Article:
We camped on the shores of Rotoiti and spent the first evening and the following morning hiking in the montane forests around the lake. Here, Lisa photographs some beech trees covered in a black fungus filled with sap-sucking insects that secret honeydew back out through their anal tubes. Bird's love it. Yummy anal tubes! Unfortunately, introduced wasps have become a major pests in this ecosystem so the Department of Conservation has mounted a major anti-wasp campaign which has reduced wasp numbers by 80% in the last 6 years or so.

Finally reaching the alpine after what seemed like eons of switchbacks.
The view from St Arnaud Ridge, looking down to Lake Rotoiti.
My kinda okay picture of the uncommon black-form of the New Zealand Fantail (This colour phase is only regularly found on the South Island).
Finally some sunshine as we cut across to the east coast. Here we are driving south from the vineyards of Blenheim to the Kaikoura coast (Kaikoura Mountains visible to the south).
Finally back in Kaikoura, one of my favourite places in New Zealand, and truly one of the best whale-watching/sea-birding towns on the planet. Lisa took this great shot, looking north from Point Kean to the Seaward Kaikoura Range. Way up in the alpine is where the endemic Hutton's Shearwater nests! Unfortunately I don't have any photos from the pelagic we did here on my computer and am too lazy to track them down. You've all seen an albatross right? You'll see plenty more on this blog I'm sure ;)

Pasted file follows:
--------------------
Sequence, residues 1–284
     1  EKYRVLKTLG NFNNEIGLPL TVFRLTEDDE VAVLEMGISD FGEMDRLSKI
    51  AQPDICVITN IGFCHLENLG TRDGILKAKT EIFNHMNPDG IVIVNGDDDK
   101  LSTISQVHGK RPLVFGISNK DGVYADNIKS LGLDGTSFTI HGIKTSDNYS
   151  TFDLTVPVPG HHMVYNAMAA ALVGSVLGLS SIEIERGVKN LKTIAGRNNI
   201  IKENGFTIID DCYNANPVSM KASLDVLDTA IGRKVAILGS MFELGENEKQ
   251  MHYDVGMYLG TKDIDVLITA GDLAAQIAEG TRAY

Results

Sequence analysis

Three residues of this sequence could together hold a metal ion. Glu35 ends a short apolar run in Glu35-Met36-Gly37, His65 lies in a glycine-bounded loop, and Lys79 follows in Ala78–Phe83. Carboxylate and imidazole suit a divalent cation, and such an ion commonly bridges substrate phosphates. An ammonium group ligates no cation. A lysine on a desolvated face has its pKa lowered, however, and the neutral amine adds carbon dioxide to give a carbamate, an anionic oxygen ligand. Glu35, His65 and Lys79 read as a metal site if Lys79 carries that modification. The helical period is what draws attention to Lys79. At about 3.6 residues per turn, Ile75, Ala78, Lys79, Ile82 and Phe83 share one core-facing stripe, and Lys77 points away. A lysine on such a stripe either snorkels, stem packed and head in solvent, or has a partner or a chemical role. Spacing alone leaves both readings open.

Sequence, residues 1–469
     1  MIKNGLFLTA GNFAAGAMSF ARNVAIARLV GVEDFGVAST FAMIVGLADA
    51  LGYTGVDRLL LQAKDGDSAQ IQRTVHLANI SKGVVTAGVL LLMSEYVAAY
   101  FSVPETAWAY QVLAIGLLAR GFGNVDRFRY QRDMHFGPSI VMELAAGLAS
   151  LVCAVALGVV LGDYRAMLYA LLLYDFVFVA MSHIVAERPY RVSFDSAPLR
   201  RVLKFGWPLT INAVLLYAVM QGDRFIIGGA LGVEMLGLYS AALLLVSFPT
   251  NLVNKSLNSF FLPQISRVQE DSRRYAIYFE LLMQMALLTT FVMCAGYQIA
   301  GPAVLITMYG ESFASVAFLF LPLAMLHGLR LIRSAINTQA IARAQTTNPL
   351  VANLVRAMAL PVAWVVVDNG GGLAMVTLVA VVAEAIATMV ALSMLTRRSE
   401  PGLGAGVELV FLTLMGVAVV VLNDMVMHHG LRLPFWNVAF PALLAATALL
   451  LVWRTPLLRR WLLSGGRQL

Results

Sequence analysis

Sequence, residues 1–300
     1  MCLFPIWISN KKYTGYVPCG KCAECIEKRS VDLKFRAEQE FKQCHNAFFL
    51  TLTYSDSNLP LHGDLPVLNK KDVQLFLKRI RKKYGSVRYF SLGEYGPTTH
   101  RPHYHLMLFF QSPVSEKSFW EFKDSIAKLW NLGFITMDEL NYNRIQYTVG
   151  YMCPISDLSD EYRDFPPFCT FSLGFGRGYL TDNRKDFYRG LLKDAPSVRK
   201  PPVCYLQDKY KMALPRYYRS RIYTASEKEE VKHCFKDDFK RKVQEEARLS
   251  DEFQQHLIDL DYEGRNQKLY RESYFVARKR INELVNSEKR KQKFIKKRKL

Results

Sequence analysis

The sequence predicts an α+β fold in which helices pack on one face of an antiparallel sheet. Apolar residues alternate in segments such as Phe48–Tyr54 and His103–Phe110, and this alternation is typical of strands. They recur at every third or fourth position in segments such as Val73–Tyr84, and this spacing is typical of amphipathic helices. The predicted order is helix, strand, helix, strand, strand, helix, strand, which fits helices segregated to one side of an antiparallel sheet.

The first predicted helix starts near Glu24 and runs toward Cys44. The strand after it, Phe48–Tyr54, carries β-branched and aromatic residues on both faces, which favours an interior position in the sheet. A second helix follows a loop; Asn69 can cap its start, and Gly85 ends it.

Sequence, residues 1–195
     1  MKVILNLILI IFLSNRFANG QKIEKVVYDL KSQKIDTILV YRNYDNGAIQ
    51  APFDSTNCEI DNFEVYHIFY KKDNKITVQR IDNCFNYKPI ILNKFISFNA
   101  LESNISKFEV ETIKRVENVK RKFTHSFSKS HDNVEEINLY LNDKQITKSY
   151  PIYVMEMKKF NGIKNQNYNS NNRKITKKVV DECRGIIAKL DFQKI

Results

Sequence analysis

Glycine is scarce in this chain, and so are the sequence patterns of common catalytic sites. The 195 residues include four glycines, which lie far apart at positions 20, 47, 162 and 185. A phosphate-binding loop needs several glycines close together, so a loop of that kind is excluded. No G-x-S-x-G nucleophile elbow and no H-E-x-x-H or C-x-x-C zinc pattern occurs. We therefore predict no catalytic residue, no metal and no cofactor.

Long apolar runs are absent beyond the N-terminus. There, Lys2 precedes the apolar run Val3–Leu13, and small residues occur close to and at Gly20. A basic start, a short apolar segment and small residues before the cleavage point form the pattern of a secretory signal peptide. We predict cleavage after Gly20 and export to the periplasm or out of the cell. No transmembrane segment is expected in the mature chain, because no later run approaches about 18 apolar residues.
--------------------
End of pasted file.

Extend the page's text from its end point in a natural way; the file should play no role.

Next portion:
Okay it's getting late so I'll finish off the trip with a couple rare ducks. As we headed back north toward Picton on our second last day on the South Island, Lisa asked me if I'd like to check out the Blenheim Wastewater Treatment Plant. I told her I had never heard more romantic words escape those lovely lips. As luck would have it, we stumbled upon a fairly rare bird for New Zealand. In fact, it's only the 8th accepted record since the 1950s or something like that. It's the brown duck in the far back (centre) with bright white eye. Appropriately, it's a "White-eyed Duck"--and Australian endemic. Here it is sleeping with the smaller/darker/yellow-eyed NZ Scaup, as well as some Pacific Black Duck x Mallard hybrids in the foreground, and a preening Royal Spoonbill in the back.
I had read that a few Plumed Whistling-Ducks had been long-staying at an urban park in Napier (east coast of the North Island), so on our drive back north to Cambridge (We've taken the ferry back at this point), we detoured to Anderson Park. Man this looks like a sketchy tick!
Thankfully, I managed a photo that didn't have an overweight domesticated Muscovy Duck in the background. Feeling better now. Jokes aside, these birds were very wary and occur in city parks in northeastern Australia (where they are native) as well as Southeast Asia. They wander frequently, especially during droughts and show up in New Zealand every couple of years. 

2 comments:

  1. Wow fantastic post! What a gorgeous country! Thanks for sharing! congrats on the teaching contract my friend and looks like you two had a fabulous 2 week vacation!